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Regulating competence-based access to agent societies

Lekeas, George K. (2011). Regulating competence-based access to agent societies. (Unpublished Doctoral thesis, City University London)


Advances in ubiquitous computing have resulted in changes to the way we access and use everyday applications, e.g. reading mail and booking tickets. At the same time, users interact with these applications in a variety of ways, each with different characteristics, e.g., different degrees of bandwidth, different payment schemes supported and so on. These are highly dynamic interactions, as some of the applications might become unavailable (either temporarily or permanently) or their behaviour may change. As the user has to deal with a large number of proactive and dynamic applications every day, he will need a personal assistant that possesses similar characteristics. The agent paradigm meets this requirement, since it exhibits the necessary features. As a result, the user will provide its personal agent assistant with a goal, e.g. I need a smartphone which costs less than three hundred pounds, and the agent will have to use a number of applications offering information on smartphones so that it finds the requested one. This, in turn, raises a number of issues regarding the organisation and the degrees of access to these services as well as the correctness of their descriptions.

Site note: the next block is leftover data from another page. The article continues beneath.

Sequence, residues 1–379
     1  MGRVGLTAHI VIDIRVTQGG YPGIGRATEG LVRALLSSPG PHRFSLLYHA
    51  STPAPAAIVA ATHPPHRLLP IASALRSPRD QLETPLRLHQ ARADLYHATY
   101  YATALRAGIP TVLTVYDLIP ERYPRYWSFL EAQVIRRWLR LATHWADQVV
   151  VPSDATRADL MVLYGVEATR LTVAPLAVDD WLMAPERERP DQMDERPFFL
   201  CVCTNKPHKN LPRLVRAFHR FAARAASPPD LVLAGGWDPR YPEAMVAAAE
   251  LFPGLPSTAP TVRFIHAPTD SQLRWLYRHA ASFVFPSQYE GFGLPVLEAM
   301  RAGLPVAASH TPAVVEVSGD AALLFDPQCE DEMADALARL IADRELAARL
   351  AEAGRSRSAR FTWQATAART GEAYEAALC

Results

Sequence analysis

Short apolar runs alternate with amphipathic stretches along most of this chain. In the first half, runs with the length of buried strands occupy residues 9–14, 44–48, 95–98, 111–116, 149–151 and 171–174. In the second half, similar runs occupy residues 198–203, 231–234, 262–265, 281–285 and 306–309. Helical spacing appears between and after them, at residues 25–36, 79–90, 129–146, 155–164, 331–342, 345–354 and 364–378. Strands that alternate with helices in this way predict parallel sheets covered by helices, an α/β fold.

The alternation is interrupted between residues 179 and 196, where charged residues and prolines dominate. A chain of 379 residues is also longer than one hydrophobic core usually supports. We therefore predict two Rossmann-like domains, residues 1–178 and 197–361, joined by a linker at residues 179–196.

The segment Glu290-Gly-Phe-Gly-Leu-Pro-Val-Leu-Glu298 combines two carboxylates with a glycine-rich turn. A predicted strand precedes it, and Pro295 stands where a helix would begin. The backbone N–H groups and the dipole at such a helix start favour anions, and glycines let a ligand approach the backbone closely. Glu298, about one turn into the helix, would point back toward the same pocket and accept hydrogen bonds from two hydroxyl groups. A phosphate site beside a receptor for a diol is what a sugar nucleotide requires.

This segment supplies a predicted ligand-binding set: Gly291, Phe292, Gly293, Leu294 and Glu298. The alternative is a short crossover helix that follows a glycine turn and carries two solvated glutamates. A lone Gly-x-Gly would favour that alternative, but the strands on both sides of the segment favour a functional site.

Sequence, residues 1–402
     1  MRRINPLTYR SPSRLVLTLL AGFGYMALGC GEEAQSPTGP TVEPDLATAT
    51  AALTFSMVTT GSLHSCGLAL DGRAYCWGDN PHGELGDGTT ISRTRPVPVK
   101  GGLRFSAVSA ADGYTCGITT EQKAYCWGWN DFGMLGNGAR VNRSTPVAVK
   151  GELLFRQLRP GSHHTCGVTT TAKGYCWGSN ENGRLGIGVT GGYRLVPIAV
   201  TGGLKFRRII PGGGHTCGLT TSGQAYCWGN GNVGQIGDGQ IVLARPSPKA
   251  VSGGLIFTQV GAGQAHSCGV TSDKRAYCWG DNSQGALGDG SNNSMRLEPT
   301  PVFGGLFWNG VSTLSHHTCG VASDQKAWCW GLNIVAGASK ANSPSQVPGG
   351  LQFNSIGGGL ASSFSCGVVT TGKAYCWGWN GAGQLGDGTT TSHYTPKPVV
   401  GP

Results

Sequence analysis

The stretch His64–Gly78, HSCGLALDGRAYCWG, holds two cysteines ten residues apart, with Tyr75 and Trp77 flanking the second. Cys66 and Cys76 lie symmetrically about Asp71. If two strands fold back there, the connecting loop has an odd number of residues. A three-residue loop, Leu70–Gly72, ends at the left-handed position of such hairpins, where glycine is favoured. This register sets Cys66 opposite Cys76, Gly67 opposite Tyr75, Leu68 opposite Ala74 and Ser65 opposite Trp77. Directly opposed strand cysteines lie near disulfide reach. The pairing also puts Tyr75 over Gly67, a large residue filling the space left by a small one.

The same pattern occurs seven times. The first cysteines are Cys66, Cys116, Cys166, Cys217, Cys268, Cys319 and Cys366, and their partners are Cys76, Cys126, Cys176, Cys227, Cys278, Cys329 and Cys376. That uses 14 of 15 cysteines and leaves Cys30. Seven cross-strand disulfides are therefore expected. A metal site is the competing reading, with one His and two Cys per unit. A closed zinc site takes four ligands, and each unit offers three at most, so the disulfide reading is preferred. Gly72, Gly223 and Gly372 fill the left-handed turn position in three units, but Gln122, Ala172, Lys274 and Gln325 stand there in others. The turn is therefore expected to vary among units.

In this work, we propose the organisation of applications around the concept of artificial agent societies, to which access would be possible only by a positive evaluation of an agent's application. The agent will provide the Authority Agent with the role it is applying for and its competencies in the context of a protocol, i.e., the messages that it can utter/understand. The Authority Agent will then check to see if the applicant agent is a competent user of the protocols; if yes, entry is granted.

Assuming that access is granted, the next issue is to decide on the protocol(s) that agent receives. As providing the full protocol will cause security and overload problems, we only need to provide the part required for the agent to play its role. We show how this can be done and how we can repair certain protocols so that they are indeed enactable once this role decomposition is performed.

Publication Type: Thesis (Doctoral)
Additional Information: © 2011 George K. Lekeas
Subjects: Z Bibliography. Library Science. Information Resources > ZA Information resources > ZA4050 Electronic information resources
Departments: Doctoral Theses
School of Science & Technology > Computer Science
School of Science & Technology > School of Science & Technology Doctoral Theses
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